Ingham Institute study into disease can help sufferers of MND

Technology can help.
Technology can help.

Nerve cells (neurones) control the muscles that enable us to move, speak, breathe and swallow. Motor-neurone disease, or MND, is the name given to a group of diseases in which these neurones fail to work normally. Muscles then gradually weaken and waste as neurones degenerate and die.

The Communication and Assistive Technology Clinic is seeking volunteers for a research project.

Here in south-west Sydney, there is a state-of-the-art Communication and Assistive Technology Clinic for those diagnosed with Motor Neurone Disease based at Liverpool Hospital.

Starting this month, a joint research project is being conducted by clinicians within the hospital and scientists across the University of Sydney, University of Technology Sydney and the Ingham Institute for Applied Medical Research.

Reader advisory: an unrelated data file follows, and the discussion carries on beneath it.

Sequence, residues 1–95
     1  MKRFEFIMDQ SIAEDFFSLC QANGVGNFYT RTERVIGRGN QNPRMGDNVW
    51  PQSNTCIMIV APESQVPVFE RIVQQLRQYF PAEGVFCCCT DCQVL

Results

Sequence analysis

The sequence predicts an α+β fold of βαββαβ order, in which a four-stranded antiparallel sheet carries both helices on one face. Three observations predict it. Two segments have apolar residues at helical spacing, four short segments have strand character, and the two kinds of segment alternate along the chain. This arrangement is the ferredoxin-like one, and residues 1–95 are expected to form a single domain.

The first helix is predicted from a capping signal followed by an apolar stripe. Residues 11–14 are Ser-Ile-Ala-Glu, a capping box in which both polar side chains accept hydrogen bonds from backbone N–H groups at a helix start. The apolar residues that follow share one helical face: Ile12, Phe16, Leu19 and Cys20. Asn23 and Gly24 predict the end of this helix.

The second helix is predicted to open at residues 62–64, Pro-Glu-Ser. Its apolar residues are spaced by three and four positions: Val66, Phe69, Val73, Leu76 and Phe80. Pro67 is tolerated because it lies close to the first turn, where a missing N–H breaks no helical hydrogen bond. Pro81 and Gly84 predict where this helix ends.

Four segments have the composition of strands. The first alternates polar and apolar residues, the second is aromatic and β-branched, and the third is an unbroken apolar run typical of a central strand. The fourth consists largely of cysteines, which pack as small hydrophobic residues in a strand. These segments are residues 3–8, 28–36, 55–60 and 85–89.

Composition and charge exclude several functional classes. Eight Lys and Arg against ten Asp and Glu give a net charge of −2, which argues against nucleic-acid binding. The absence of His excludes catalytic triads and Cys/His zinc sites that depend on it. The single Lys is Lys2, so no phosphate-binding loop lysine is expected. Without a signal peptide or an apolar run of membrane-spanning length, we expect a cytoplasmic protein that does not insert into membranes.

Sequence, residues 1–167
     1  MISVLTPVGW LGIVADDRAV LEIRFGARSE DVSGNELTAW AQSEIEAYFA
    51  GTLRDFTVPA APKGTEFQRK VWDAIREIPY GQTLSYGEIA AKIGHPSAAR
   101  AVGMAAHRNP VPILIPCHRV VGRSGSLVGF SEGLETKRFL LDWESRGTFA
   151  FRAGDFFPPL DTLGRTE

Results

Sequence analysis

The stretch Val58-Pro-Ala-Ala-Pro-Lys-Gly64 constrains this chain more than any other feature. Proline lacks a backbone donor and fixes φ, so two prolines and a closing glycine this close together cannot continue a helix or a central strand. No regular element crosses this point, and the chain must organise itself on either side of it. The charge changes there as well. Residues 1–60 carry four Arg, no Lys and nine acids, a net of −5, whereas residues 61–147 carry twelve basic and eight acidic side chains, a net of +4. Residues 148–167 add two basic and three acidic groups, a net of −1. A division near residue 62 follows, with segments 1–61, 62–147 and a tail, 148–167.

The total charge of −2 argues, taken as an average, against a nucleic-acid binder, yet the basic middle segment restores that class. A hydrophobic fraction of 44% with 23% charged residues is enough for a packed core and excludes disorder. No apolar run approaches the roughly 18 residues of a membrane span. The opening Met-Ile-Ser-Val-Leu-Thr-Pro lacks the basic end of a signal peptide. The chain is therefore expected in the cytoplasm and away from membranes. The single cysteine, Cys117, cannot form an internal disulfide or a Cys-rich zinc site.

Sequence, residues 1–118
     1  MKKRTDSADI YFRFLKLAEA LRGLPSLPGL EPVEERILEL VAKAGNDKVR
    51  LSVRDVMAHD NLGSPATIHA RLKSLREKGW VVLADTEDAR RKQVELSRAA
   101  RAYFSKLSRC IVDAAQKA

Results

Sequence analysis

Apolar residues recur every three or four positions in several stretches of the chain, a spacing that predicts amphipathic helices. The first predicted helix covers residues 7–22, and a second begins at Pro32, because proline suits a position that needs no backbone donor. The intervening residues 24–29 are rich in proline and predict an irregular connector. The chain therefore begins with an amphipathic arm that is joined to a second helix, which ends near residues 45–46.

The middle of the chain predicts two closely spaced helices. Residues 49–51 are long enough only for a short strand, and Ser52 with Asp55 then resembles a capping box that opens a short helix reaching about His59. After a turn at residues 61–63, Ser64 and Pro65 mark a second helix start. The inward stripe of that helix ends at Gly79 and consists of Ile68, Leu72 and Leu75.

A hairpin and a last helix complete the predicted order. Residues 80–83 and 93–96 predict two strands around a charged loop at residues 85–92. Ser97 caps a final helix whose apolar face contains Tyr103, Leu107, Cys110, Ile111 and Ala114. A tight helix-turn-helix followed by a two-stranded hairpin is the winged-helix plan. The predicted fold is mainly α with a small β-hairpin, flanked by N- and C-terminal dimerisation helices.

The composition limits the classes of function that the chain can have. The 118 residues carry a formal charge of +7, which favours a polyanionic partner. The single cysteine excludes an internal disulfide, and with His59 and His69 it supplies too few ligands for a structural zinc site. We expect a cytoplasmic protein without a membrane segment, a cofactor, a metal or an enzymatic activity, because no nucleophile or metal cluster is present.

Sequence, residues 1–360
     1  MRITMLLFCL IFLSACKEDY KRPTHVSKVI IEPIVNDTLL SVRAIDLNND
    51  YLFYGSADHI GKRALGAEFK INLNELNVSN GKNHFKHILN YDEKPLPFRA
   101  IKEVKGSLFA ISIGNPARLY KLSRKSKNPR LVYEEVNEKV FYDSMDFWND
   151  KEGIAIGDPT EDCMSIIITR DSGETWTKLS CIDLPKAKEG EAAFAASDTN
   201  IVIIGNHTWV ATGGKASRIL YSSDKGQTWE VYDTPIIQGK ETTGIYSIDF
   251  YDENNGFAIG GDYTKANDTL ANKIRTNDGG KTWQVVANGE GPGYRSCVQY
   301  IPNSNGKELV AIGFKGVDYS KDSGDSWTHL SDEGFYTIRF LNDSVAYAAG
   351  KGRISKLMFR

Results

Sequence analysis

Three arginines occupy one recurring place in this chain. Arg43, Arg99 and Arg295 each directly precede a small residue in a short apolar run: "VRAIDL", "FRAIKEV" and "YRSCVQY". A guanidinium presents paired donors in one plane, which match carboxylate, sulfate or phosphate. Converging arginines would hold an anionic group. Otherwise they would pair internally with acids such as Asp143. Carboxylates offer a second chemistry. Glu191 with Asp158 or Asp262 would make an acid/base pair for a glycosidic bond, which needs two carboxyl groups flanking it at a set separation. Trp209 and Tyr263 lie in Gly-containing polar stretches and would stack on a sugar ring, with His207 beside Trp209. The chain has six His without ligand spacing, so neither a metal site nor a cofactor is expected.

The aim of this project is to identify if assessment and intervention within the Communication and Assistive Technology clinic within 12 months of MND diagnosis improves quality of life, function and decreases carer burden. The benefit of the project is to provide people with MND early access to assessment and intervention using Augmentative and Alternative Communication tools such as electronic tablets, switches and eye gaze and Environmental Control Units. This will allow sufferers to have both increased and improved choice and control while living with MND.

This project will take place over the next 12 months. Participants in this project will complete surveys and interviews in addition to standard care by specialised occupational therapists and speech pathologists.

The Communication and Assistive Technology Clinic is seeking volunteers for a research project.

You must have definitive diagnosis of MND, be at least 18, live in the area and understand English.

  • Details: or 8738 4701.

Ingham Institute for Applied Medical Research